Results 1 to 6 of 6

Thread: lone wolf and cub

  1. #1

    lone wolf and cub

    a few weeks ago I'd thought I'd watch some old lone wolf movies I hadn't watched them for years, Ogami Itto's katana caught my eye I recognize that tsuba ,ivé got the same tsuba on one of my katana's a family blade with a gunto saya.yep it's the same tsuba allright. I know Tomisaburô Wakayama used his own swords in his non fighting scenes and this is the same tsuba/sword through out the series ,anyway I know very little of tsuba.can anyone help me with info on this tsuba it would be appreciated. thanks
    Jon
    Attached Images Attached Images        

  2. #2
    That does look like the same tsuba. One thing that's always puzzled me is the destinctive kashira on Ogami's sword - it looks like it's made of silver and very plain. I've never seen another like it.

    Name:  Lone Wolf Movie Sword 01.jpg
Views: 814
Size:  70.7 KB

    Name:  Lone Wolf Movie Sword 2.jpg
Views: 360
Size:  94.8 KB

  3. #3
    I think the tsuba is based on the abalone (awabi) shell. The Japanese have had a special fondness for abalone since ancient times, believing it to have been the elixir of life that Qin Shi Huang, the first emperor of the Qin Dynasty (third century BC), sought for. During the Edo period (1603-1868) dried abalone, along with dried sea cucumber and shark fin, was one of the three marine exports from Japan that were especially prized in China.

    Abalone has also been known in Japan to be good for the eyes. This is evidenced by the saying in Mie Prefecture, which has a thriving abalone fishing industry, that eating abalone during pregnancy will give the child beautiful eyes. The abalone of Mie, moreover, has had an important influence on Japanese celebratory traditions. It is customary to wrap formal gifts with paper called noshi gami and to place monetary gifts in envelopes called noshi bukuro. Both of these have their origins in noshi awabi, stretched and dried strips of abalone that are still made today in Mie Prefecture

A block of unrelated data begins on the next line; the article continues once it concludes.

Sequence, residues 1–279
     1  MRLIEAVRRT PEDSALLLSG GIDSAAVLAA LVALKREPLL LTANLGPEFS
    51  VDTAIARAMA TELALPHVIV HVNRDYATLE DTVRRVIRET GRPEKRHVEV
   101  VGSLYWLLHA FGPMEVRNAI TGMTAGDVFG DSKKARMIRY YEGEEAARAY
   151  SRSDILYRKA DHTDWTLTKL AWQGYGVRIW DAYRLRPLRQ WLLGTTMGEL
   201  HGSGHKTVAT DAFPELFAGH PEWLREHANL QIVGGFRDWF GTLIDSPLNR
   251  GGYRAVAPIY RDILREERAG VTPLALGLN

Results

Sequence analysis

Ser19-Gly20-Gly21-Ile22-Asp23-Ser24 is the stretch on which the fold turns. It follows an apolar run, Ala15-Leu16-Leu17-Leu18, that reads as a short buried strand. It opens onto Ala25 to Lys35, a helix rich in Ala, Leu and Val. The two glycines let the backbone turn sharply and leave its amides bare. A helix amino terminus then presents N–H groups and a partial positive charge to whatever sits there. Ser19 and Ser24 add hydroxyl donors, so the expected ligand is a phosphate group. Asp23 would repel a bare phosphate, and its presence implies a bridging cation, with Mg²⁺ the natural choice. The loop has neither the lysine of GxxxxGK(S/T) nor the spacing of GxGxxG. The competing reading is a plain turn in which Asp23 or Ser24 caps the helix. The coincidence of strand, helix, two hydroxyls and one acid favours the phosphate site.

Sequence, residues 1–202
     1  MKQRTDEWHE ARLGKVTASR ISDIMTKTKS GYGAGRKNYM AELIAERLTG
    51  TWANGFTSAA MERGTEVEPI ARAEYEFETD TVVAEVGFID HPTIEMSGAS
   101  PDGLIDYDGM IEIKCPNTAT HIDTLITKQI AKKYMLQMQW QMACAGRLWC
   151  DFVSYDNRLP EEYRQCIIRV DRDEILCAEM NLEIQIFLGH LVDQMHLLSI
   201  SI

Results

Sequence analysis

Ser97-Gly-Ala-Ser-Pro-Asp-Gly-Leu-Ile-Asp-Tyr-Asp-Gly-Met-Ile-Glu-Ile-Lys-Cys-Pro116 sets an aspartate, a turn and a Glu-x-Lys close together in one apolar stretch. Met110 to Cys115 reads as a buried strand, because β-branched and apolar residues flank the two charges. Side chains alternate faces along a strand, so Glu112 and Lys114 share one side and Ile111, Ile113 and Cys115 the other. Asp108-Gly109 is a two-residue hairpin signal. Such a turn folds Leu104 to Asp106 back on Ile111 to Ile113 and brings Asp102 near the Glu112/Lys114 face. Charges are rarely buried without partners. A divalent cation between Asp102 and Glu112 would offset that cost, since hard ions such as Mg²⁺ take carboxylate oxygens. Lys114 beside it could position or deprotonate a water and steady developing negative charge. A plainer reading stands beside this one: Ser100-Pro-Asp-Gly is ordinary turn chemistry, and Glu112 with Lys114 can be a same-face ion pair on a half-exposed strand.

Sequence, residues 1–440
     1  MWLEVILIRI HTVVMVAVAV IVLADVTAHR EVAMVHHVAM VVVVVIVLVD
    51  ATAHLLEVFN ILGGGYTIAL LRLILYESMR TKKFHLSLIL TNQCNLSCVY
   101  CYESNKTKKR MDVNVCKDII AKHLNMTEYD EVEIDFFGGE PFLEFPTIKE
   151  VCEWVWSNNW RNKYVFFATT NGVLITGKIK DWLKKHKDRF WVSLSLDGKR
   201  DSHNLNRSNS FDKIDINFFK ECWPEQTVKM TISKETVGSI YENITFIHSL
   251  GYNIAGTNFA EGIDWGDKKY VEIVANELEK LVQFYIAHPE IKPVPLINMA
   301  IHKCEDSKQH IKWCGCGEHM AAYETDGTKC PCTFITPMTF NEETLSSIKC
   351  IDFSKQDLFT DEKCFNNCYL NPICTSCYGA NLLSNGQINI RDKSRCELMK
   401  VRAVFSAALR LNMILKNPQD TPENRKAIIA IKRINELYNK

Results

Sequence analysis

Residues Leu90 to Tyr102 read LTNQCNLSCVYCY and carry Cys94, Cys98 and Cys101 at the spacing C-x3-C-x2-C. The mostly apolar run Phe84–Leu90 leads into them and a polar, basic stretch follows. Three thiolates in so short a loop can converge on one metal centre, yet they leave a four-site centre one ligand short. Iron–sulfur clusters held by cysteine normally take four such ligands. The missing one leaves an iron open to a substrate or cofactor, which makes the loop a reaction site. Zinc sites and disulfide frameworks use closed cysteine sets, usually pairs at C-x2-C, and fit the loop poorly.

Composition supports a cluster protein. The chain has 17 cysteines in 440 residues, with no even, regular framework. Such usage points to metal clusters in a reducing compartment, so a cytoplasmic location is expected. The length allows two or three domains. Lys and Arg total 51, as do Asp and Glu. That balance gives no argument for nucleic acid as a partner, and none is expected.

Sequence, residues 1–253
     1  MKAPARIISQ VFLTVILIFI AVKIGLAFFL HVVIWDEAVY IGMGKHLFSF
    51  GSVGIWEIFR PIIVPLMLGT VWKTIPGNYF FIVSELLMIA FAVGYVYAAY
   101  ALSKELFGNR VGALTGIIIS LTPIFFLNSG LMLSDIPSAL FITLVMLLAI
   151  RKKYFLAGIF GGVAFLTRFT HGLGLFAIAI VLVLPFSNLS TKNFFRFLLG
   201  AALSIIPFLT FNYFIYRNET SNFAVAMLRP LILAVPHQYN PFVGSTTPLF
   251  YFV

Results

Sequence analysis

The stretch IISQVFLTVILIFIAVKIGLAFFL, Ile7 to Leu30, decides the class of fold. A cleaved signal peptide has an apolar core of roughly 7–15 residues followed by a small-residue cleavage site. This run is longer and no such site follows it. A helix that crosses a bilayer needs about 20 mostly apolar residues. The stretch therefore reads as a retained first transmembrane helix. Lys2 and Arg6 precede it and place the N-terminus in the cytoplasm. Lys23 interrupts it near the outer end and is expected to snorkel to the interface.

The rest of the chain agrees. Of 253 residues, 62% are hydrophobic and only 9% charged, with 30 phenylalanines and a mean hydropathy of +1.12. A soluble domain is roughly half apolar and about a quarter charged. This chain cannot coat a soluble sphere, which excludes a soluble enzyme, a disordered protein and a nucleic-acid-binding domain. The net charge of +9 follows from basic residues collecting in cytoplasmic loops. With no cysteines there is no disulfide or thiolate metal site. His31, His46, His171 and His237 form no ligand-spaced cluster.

4. #4
    Join Date
    Sep 2006
    Location
    Järvenpää, Finland
    Posts
    3,241
    Quote Originally Posted by John A Stuart View Post
    I think the tsuba is based on the abalone (awabi) shell. The Japanese have had a special fondness for abalone since ancient times, believing it to have been the elixir of life that Qin Shi Huang, the first emperor of the Qin Dynasty (third century BC), sought for. During the Edo period (1603-1868) dried abalone, along with dried sea cucumber and shark fin, was one of the three marine exports from Japan that were especially prized in China.

    Abalone has also been known in Japan to be good for the eyes. This is evidenced by the saying in Mie Prefecture, which has a thriving abalone fishing industry, that eating abalone during pregnancy will give the child beautiful eyes. The abalone of Mie, moreover, has had an important influence on Japanese celebratory traditions. It is customary to wrap formal gifts with paper called noshi gami and to place monetary gifts in envelopes called noshi bukuro. Both of these have their origins in noshi awabi, stretched and dried strips of abalone that are still made today in Mie Prefecture
    You. Are. Awesome.
    Certified nerd; if you need an Excel sheet or an AutoCAD drawing done, just drop me a PM!

  5. #5
    It's unavailable, but this Iaito looks very familiar!

    Name:  021-137-2.jpg
Views: 197
Size:  32.7 KB

    http://www.yamatobudogu.com/Special_..._p/021-137.htm

  6. #6

Bookmarks

Posting Permissions

  • You may not post new threads
  • You may not post replies
  • You may not post attachments
  • You may not edit your posts
  •